August 9, 2011

The Intimacy of War

Reclaiming parts of my memory has helped to regain lost bits and pieces of myself; by putting together this Combat Narrative I will regain a significant part of my life that has influenced me in many negative ways otherwise. This recording of my narrative will assist me further in reclaiming my past and coming to terms with my complete Combat Narrative over time. Watch it unfold here and at the Graffiti of War Project Blog.

Our second engagement commenced within the 100 Hour Ground War, but to get there I had to drive balls to the wall as part of the Army’s VII Corps mission to cut off the Iraqi forces before our hail Mary pass into Kuwait. As I was blazing 50 MPH across the sands towards the front line my 32 ton combat loaded Bradley drove over a sand dune and straight into a landmine field. Sgt T flipped out and started cussing and I could hear my captain in the background cursing and asking why we had stopped. As they both continued the barrage of swearing and demanding I screamed, “Shut the fuck up and look out your window, we are in a landmine field!” As the reality of situation sunk in, I assessed our trajectory into the field and found we had landed at an angle and missed detonating a single mine stopping us in our tracks.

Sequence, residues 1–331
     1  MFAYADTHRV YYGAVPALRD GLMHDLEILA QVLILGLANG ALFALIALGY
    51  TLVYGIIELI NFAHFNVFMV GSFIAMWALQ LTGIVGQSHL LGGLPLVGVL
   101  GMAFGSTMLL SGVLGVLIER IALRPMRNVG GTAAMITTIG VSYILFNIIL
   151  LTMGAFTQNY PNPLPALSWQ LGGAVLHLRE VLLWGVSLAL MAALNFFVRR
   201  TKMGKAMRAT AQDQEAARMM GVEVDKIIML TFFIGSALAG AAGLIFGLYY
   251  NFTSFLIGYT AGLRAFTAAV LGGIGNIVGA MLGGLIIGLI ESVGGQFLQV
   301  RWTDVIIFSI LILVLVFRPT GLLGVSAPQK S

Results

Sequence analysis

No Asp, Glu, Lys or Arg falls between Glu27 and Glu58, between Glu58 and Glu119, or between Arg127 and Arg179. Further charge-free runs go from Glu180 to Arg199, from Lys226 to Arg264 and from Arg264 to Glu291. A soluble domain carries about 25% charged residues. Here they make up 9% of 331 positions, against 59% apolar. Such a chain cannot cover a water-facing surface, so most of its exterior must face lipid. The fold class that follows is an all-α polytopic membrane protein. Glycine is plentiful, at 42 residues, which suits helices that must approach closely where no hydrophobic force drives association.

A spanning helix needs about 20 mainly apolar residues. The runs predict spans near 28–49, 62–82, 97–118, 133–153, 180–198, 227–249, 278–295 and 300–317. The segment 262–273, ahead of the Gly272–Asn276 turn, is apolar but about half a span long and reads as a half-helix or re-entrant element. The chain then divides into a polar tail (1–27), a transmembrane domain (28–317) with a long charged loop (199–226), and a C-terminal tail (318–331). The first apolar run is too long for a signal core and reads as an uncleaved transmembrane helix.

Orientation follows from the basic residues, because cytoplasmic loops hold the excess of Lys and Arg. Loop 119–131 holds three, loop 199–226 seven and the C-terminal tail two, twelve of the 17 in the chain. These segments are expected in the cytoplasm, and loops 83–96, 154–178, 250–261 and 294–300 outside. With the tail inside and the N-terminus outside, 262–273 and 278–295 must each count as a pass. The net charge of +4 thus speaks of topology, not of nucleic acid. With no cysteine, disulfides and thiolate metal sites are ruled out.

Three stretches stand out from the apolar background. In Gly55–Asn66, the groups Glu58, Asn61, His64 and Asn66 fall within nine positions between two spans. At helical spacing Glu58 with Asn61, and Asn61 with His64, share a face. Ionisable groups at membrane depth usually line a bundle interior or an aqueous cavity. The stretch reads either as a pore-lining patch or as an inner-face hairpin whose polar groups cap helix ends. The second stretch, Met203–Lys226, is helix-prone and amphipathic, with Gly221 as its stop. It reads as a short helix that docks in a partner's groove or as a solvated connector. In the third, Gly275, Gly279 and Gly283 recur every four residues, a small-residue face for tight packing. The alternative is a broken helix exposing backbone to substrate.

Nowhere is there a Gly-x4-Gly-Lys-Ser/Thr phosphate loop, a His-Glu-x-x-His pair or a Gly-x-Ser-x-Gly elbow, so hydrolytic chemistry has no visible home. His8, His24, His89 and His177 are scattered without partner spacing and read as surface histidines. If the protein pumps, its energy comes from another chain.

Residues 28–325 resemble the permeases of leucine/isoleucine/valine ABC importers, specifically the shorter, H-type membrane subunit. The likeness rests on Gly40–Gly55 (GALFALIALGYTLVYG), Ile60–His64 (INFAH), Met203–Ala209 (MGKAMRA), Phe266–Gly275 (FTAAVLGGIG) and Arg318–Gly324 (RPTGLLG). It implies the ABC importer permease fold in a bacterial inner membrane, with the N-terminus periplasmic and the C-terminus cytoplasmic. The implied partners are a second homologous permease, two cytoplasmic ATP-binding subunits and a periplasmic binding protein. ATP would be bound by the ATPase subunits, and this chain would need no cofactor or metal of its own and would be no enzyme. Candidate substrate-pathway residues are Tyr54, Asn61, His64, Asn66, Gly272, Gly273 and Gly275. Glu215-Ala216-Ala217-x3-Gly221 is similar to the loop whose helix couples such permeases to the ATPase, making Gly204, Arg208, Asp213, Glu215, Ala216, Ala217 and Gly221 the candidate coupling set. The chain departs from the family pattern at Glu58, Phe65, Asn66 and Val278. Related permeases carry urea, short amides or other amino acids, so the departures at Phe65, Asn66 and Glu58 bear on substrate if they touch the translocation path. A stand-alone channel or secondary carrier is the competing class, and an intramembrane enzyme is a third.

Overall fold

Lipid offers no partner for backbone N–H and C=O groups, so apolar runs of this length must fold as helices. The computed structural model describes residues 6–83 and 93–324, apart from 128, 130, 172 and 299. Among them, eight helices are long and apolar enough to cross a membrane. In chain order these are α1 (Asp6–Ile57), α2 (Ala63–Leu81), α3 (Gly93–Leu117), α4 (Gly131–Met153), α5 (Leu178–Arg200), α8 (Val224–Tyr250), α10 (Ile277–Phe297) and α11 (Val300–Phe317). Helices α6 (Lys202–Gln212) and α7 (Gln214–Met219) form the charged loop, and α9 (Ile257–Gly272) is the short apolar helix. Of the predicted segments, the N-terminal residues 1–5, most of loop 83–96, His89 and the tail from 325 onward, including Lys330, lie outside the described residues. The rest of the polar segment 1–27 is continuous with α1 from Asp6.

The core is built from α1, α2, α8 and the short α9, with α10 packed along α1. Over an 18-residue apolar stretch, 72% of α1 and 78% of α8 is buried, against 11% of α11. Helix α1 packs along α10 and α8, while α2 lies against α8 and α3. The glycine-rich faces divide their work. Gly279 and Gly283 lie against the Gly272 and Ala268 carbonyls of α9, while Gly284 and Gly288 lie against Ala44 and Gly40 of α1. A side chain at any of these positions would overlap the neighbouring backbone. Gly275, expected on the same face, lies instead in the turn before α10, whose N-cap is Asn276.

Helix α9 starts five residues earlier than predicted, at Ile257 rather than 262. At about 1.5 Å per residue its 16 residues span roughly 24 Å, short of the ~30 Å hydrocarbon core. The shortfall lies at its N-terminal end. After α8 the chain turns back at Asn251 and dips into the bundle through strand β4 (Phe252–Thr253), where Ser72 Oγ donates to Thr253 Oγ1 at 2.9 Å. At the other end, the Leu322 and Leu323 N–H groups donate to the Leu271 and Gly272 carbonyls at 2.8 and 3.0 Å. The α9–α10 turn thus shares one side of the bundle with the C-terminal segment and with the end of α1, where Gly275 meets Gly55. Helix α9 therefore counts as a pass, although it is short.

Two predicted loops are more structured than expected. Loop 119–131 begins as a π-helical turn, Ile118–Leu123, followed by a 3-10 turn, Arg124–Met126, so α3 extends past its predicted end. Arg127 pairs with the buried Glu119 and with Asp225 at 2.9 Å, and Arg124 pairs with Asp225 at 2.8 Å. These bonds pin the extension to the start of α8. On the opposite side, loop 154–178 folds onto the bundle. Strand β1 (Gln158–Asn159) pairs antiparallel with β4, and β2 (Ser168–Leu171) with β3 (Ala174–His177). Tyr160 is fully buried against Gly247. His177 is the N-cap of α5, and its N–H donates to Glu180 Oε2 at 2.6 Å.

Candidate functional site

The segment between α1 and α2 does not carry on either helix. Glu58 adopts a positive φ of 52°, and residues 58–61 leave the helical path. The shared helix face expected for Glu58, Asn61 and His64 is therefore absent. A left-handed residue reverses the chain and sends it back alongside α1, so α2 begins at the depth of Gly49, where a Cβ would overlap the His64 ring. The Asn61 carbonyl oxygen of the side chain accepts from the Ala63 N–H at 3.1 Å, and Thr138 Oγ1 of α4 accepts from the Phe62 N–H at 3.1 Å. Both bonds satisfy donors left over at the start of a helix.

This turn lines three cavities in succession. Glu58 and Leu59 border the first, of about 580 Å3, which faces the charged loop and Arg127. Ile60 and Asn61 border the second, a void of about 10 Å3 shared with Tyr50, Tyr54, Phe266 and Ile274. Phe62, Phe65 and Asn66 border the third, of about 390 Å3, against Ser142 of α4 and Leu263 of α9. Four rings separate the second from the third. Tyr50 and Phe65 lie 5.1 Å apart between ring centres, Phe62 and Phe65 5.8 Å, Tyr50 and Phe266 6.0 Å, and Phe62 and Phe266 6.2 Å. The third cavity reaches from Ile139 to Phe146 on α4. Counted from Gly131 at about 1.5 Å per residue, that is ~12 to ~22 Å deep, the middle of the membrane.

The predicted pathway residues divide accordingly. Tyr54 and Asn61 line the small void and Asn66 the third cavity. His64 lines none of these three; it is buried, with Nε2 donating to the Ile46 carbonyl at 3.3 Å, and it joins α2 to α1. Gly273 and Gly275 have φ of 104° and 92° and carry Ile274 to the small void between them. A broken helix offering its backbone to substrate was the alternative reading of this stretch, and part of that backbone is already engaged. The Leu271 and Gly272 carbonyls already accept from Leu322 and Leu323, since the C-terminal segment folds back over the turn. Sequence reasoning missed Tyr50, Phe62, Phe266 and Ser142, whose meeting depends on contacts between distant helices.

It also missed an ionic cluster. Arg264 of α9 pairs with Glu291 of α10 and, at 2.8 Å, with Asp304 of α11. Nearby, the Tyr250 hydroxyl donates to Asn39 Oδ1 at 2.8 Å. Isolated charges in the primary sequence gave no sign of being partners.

What took less than two seconds to get into, took us about 15 to 20 minutes to get out of. A paltry amount of time when you have all you need; but we had to be out in the front of our tanks to guide them into battle and being 20 minutes late to the show was not an option. In this moment the Intimacy of War took its hold upon my squad, we had already become one in body through training; now we would complete the process in mind and spirit. With the welling of emotions within and feeling of circling the drain of despair I had to release the emotive responses or be consumed by a downward spiral. I was to either succumb to the pressure or prevail in spirit over my mind and tune in to my surroundings in a way that I would fail miserably to describe.